Native method stacks 314 store the state of invocations of native methods. The state of native method invocations is stored in an implementation-dependent way in native method stacks, registers, or other implementation-dependent memory areas. In some JVM implementations, native method stacks 314 and Java stacks 316 are combined.
Method area 320 contains class data while heap 322 contains all instantiated objects. The JVM specification strictly defines data types and operations. Most JVM implementations choose to have one method area and one heap, each of which are shared by all threads running inside the JVM. When the JVM loads a class file, it parses information about a type from the binary data contained in the class file. It places this type information into the method area. Each time a class instance or array is created, the memory for the new object is allocated from heap 322. JVM 300 includes an instruction that allocates memory space within the memory for heap 322 but includes no instruction for freeing that space within the memory. Memory management 324 in the depicted example manages memory space within the memory allocated to heap 322. Memory management 324 may include a garbage collector which automatically reclaims memory used by objects that are no longer referenced by an application. Additionally, a garbage collector also may move objects to reduce heap fragmentation.
The present invention provides a method, apparatus, and instructions for providing high concurrency client-locking in Java. The mechanism of the present invention supports a collection of objects, called elements, in a container object in which a client or requester may use a Java synchronization block to lock a specific element. This synchronization block can spans multiple methods on the container.
The client asks the container for a mutex using the getMutex method to be used in this synchronization block. The mechanism of the present invention for computing a mutex exploits the fact that the String.hashCode and String.equals methods in Java are based on a string's value instead of its identity. This fact allows a value set to be used where membership is based on value instead of identity by calling the instance's hashcode and equals methods. The value set contains a plurality of mutexes for elements. An element's mutex is the first instance of the element's identifier seen by the container. During a getMutex method, if an instance of an element's identifier is not found in the value set, the instance of the element's identifier provided as a getMutex method parameter becomes the mutex for the element and is put in the value set. This mutex may be used to lock elements and allows an element to be locked prior to the existence of the element in the collection.
The locking mechanism for the present invention may be applied to various containers in a JVM. The multithread concurrency design principles for a container are:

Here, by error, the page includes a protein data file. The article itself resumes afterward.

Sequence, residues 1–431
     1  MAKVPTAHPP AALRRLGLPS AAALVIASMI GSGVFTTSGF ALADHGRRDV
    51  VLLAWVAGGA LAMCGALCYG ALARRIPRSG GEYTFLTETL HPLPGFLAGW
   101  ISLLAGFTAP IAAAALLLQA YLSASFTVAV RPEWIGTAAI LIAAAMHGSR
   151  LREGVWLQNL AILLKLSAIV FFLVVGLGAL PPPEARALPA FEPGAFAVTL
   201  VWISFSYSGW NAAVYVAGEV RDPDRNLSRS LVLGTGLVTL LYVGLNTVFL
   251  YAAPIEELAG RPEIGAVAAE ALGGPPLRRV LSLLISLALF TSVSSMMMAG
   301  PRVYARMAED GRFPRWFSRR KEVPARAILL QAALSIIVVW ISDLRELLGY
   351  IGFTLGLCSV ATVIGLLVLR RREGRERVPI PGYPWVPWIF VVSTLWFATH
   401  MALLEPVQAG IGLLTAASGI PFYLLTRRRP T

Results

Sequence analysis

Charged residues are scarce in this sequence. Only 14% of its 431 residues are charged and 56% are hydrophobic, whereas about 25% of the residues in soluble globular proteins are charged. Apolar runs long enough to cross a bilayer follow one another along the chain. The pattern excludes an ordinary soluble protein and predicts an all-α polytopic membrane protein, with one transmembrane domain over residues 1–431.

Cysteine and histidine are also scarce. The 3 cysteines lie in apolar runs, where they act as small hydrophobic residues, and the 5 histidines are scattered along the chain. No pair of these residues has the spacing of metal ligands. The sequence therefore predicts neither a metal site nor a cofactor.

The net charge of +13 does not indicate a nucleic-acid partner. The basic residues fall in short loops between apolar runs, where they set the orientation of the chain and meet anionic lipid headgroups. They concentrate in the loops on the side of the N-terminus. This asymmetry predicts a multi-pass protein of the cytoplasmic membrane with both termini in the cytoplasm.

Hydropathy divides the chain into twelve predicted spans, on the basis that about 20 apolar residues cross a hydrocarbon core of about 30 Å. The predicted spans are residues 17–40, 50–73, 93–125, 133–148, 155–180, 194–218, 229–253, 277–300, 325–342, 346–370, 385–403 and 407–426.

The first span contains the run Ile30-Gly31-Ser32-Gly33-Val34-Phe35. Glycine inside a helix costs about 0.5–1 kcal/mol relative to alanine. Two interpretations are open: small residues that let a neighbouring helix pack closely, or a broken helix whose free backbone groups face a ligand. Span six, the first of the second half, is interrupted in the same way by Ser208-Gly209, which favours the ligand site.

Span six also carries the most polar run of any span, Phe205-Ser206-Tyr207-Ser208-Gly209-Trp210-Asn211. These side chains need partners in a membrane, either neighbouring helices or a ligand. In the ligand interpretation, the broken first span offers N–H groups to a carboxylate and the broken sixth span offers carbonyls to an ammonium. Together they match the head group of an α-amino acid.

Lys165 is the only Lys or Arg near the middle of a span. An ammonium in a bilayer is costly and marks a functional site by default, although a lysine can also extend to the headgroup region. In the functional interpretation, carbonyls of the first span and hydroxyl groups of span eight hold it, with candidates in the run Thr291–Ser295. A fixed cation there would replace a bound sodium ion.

(1) It is OK for a thread holding an element lock to wait on the container lock.
(2) It is not OK for a thread holding the container lock to wait on any lock other than the container lock.
(3) In some cases, the client needs to hold an element lock across container method calls (e.g. while producing an element). This should block other clients wanting to use the element, but should not block any other clients. A client cannot hold a lock on the entire container.
(4) In other cases, the client only needs to hold a lock during the execution of an individual method on the container.
The following multithread concurrency design supports the above principles efficiently:
(1) The getMutex method is used to get a mutex for locking elements. This method allows an element to be locked prior to the existence of an element.
(2) When the client wants to hold a lock on an element across multiple methods, it gets a lock on the element's ID mutex which is obtained via the getMutex method, which is described in more detail below.
(3) When the client wants to hold a lock only during a single method, the method is simply called.
(4) For implementation of methods that operate on the container's global state, synchronizion uses the container as a mutex because these take very short time intervals.
With reference now to FIG. 4, a block diagram of a lock mechanism for a container is depicted in accordance with a preferred embodiment of the present invention. Container 400 may take various forms. For example, container 400 may be a cache containing elements in the form of parts of a web page. In Java, a “mutex” is associated with each object and class. A lock is a privilege that only one thread can “own” at any one time. When the lock on the mutex is acquired, no other thread or client can get a lock on the mutex until the thread or client owning the lock releases it. The example is described with respect to an element, which uses a separate object for its mutex.